Emeritus Professor Tim Crowe reflects on the tenure of the late vice-chancellor (VC) of the University of Cape Town (UCT) Dr Stuart Saunders. Dr Saunders passed away on 12 February 2021 after a short illness.
Stuart Saunders was an outstanding UCT medical graduate and developed into a highly respected and outstanding physician/educator/researcher/administrator/residence warden and peacemaker. He earned the last title during apartheid states of emergency, internal violence and an international academic boycott, literally placing himself in the line of fire to keep security police off campus and protect students and staff.
Most importantly for UCT as an institution of international stature, Saunders steered it out of the apartheid era without falling off the path towards excellence in education and research. All of this was done at enormous personal cost and without compromising his principles and human decency. A telling condition in his letter of appointment as VC was to “have a special responsibility for maintaining a standard of conduct and discipline, questions of academic policy and the smooth administration of the university and its residences, and its management”.
For those genuinely interested in UCT’s history, his memoir, Vice-chancellor on a Tightrope: A personal account of climactic years in South Africa, is a must-read.
Entering the arena
In 1977 VC Sir Richard Luyt head-hunted Saunders as his deputy principal for planning (DPP) to help put Daviean non-racial principles into practice. Saunders achieved this while catapulting UCT to the world stage in terms of research excellence by manipulating the “Old Boy" network and development/promotion of the National Research Foundation’s (NRF) researcher rating system. Key among these efforts was expanding Luyt’s efforts in fostering UCT’s world-first Centre for African Studies and establishing its AC Jordan Chair. These endeavours were largely funded personally by Chancellor Harry Oppenheimer and “Rhodes-derived” mining companies.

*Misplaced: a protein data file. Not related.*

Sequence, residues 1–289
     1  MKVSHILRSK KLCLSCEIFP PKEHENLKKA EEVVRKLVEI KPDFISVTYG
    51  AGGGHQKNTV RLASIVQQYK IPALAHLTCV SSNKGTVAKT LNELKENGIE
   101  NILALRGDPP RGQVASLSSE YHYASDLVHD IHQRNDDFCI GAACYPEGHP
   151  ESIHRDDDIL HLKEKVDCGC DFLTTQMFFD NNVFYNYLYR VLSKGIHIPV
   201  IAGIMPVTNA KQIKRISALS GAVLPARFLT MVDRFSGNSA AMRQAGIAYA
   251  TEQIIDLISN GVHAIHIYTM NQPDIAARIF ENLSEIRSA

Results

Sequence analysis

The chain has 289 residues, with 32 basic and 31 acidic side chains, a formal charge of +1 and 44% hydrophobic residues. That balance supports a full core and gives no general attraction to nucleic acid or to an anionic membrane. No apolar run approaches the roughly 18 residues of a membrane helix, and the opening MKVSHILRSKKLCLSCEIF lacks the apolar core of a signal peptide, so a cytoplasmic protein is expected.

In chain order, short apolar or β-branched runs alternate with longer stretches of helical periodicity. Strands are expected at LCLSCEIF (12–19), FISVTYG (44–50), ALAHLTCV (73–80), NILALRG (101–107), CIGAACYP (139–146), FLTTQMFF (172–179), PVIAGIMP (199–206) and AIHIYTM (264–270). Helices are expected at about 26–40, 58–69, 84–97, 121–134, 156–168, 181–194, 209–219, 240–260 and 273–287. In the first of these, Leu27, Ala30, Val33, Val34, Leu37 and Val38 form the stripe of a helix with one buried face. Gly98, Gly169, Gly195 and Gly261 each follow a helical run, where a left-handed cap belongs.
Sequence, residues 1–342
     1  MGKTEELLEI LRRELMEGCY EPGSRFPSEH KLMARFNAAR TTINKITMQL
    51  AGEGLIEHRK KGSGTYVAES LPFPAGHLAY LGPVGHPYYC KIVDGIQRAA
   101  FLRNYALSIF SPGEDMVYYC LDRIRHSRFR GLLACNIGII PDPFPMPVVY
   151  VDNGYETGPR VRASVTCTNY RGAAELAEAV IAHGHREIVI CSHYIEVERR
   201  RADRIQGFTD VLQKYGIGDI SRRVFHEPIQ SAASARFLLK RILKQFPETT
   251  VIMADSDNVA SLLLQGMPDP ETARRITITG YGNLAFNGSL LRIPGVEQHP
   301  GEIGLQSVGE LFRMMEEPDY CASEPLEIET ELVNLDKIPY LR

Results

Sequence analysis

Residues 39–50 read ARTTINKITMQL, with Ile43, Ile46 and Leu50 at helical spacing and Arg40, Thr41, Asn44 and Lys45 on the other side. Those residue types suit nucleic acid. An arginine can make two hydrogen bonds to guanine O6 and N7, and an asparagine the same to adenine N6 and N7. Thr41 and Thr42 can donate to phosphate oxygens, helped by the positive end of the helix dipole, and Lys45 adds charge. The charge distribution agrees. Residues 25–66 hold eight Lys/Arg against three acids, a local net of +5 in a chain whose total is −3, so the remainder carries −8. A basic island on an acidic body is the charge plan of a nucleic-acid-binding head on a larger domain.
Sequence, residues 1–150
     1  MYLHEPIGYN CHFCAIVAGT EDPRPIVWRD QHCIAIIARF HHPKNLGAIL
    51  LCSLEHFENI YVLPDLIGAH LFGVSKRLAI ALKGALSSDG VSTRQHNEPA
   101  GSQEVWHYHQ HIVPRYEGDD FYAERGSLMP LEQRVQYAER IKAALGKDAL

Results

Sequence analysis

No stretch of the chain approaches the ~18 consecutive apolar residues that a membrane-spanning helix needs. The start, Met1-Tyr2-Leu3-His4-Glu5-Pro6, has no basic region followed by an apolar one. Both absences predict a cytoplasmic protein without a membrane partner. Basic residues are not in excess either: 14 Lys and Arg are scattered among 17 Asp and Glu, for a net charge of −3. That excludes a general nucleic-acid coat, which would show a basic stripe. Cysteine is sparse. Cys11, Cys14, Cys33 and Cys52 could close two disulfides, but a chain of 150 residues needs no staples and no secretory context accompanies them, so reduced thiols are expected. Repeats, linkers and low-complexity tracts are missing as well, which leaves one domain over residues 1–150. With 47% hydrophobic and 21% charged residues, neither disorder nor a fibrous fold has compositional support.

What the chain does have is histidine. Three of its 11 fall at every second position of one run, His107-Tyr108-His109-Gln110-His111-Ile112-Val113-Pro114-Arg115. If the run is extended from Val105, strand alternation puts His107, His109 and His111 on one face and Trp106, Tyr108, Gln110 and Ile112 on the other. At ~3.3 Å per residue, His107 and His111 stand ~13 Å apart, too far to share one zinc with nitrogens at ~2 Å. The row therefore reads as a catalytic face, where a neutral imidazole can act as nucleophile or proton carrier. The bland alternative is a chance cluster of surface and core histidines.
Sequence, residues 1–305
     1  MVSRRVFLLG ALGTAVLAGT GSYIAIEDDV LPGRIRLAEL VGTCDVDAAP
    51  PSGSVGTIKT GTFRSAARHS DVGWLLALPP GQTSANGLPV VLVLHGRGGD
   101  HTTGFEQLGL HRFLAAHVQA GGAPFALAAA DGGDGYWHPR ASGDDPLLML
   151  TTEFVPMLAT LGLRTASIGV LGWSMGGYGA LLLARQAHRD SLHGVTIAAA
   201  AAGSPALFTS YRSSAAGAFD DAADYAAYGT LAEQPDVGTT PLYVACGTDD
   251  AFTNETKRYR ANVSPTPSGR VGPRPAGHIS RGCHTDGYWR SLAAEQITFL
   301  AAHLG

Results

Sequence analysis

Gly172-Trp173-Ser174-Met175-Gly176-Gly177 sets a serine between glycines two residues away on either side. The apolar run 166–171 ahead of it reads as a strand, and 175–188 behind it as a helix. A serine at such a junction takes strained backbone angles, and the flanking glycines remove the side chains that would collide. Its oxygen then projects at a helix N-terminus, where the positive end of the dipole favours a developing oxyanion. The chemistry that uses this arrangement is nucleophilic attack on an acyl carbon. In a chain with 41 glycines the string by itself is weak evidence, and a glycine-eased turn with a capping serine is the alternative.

Let’s count some of the ways Saunders led UCT towards non-racialism while maintaining standards and developing excellence.
During his stint as DPP, Saunders took the unprecedented decision to publicly resign from the South African Medical Association to protest its handling of the brutal assault and murder of Steve Biko. Saunders’ first major executive act as VC was to defy the Group Areas Act by opening UCT’s student residences to all races. He dropped the title professor and reverted to his highest professional title, doctor, because a VC “professes nothing”.
A vice-chancellor has a great deal of power, but only as much power as he or she can achieve through actions, which result in him/her getting the confidence of the various sections of the university. The UCT Council professes policy, except for matters academic which are the concern of UCT’s Senate.
“Saunders led within UCT, nationally and internationally, to expose reprehensible actions by apartheid security legislation/personnel.”
Saunders also raised funds to accommodate students of colour who were academically eligible for support. He broke, morally and financially, fertile ground by supporting the genesis of the Gay and Lesbian Association and massively developing the UCT Fund Inc (launched by TB Davie to help provide financial support for students of colour).
Furthermore, unlike his predecessors, Saunders met openly with all banned members of UCT’s community and made representations on their behalf to the Minister of Justice. When their banning orders expired, they were not renewed. He summarily fired an apartheid spy within his administration. He expanded Luyt’s elitist strategy on academic development, making it available to all who were eligible academically and promoted transformational approaches to teaching to foster UCT’s cultural diversity.